VERNDALE-The Public Facilities Authority (PFA) announced Feb. 14 that they approved a grant and loan totaling nearly $3.7 million for the construction of a new drinking water treatment plant and other improvements to the drinking water system in Verndale.
"I am grateful for the PFA's willingness to provide these funds so that these vitally important water quality projects can move forward," said Rep. John Poston (R-Lake Shore). "I was proud to support additional funding at the PFA last year which helped to make these grants and loans to cities around Minnesota possible."
According to a release from the PFA, the Verndale project consists of the construction of a new drinking water treatment plant and other improvements to the drinking water system. Funding for this project includes a Drinking Water Revolving Fund (DWRF) loan of $864,462. The 1 percent 20-year-loan is estimated to save taxpayers $148,731 when compared to market-rate financing. The rest of the funding will come from a $444,315 Water Infrastructure Fund (WIF) grant, and a $2,397,100 DWRF principal forgiveness grant.
Verndale City Clerk Barbara Holmes said the funds allow the project to proceed with a pre-construction meeting set for Feb. 21. After that, a lot of snow moving and ground thawing could set up the project to start breaking ground March 1 along Hwy 10 on ground near Verndale Custom Builders.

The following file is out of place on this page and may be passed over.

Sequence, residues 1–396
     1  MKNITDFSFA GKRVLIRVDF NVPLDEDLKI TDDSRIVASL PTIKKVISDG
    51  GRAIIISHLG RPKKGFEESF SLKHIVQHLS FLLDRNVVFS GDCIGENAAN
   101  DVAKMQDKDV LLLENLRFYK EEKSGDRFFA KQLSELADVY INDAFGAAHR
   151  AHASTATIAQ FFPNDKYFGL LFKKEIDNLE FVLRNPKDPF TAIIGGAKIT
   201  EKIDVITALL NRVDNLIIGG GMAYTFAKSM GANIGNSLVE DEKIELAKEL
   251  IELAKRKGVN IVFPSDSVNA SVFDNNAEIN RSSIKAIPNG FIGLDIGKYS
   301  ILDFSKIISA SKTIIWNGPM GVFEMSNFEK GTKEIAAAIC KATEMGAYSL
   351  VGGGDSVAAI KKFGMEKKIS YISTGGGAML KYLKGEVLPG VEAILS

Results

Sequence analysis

Holmes said the build consists of two phases. Phase A includes the new well and treatment plant and is being contracted by Eagle Construction of Little Falls. Phase B includes underground pipe installation, and J & J Excavating of Staples is contracted for that work.
The city is required to make these upgrades in order to meet state standards for drinking water. The city's well failed a test with elevated levels of nitrates. Even though those levels have tested lower since then, the city cannot use the same well again, Holmes said. What caused the elevated levels of nitrates could not necessarily be pinpointed, Holmes said.
While the brunt of the $3.7 million project is paid for by these PFA funds, Holmes said the state will tell the city how much they will have to pay for water utilities once this project is complete, likely an additional $10-$15 a month. Holmes added that the increase could be offset by the fact that residents will not have to pay to soften their water as the new system runs water through a softener process.
"That's what we are hoping," Holmes said.
Contracts are set with a schedule outlining that substantial completion is expected by January 2020.